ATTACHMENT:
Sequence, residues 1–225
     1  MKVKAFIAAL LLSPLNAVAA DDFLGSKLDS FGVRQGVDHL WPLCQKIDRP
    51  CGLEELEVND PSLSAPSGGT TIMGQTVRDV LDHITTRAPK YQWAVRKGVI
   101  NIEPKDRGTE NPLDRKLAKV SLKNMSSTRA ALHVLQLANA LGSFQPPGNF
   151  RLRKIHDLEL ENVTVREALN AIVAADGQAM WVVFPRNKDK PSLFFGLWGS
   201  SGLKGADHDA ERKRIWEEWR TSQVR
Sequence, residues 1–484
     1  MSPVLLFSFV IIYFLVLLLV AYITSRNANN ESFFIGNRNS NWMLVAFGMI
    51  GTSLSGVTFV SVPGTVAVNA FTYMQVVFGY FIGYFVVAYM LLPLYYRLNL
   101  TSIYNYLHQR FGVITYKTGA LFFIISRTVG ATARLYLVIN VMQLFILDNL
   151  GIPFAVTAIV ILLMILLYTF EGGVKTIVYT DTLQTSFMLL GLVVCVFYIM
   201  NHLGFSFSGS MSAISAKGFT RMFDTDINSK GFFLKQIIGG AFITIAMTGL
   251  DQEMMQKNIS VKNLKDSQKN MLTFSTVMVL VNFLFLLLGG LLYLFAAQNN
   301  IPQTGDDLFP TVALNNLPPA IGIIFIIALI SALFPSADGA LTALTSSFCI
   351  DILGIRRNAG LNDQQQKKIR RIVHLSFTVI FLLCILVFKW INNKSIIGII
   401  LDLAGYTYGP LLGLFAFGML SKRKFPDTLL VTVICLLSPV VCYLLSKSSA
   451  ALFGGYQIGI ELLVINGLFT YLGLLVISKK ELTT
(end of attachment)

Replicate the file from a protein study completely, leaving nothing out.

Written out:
Sequence, residues 1–225
     1  MKVKAFIAAL LLSPLNAVAA DDFLGSKLDS FGVRQGVDHL WPLCQKIDRP
    51  CGLEELEVND PSLSAPSGGT TIMGQTVRDV LDHITTRAPK YQWAVRKGVI
   101  NIEPKDRGTE NPLDRKLAKV SLKNMSSTRA ALHVLQLANA LGSFQPPGNF
   151  RLRKIHDLEL ENVTVREALN AIVAADGQAM WVVFPRNKDK PSLFFGLWGS
   201  SGLKGADHDA ERKRIWEEWR TSQVR
Sequence, residues 1–484
     1  MSPVLLFSFV IIYFLVLLLV AYITSRNANN ESFFIGNRNS NWMLVAFGMI
    51  GTSLSGVTFV SVPGTVAVNA FTYMQVVFGY FIGYFVVAYM LLPLYYRLNL
   101  TSIYNYLHQR FGVITYKTGA LFFIISRTVG ATARLYLVIN VMQLFILDNL
   151  GIPFAVTAIV ILLMILLYTF EGGVKTIVYT DTLQTSFMLL GLVVCVFYIM
   201  NHLGFSFSGS MSAISAKGFT RMFDTDINSK GFFLKQIIGG AFITIAMTGL
   251  DQEMMQKNIS VKNLKDSQKN MLTFSTVMVL VNFLFLLLGG LLYLFAAQNN
   301  IPQTGDDLFP TVALNNLPPA IGIIFIIALI SALFPSADGA LTALTSSFCI
   351  DILGIRRNAG LNDQQQKKIR RIVHLSFTVI FLLCILVFKW INNKSIIGII
   401  LDLAGYTYGP LLGLFAFGML SKRKFPDTLL VTVICLLSPV VCYLLSKSSA
   451  ALFGGYQIGI ELLVINGLFT YLGLLVISKK ELTT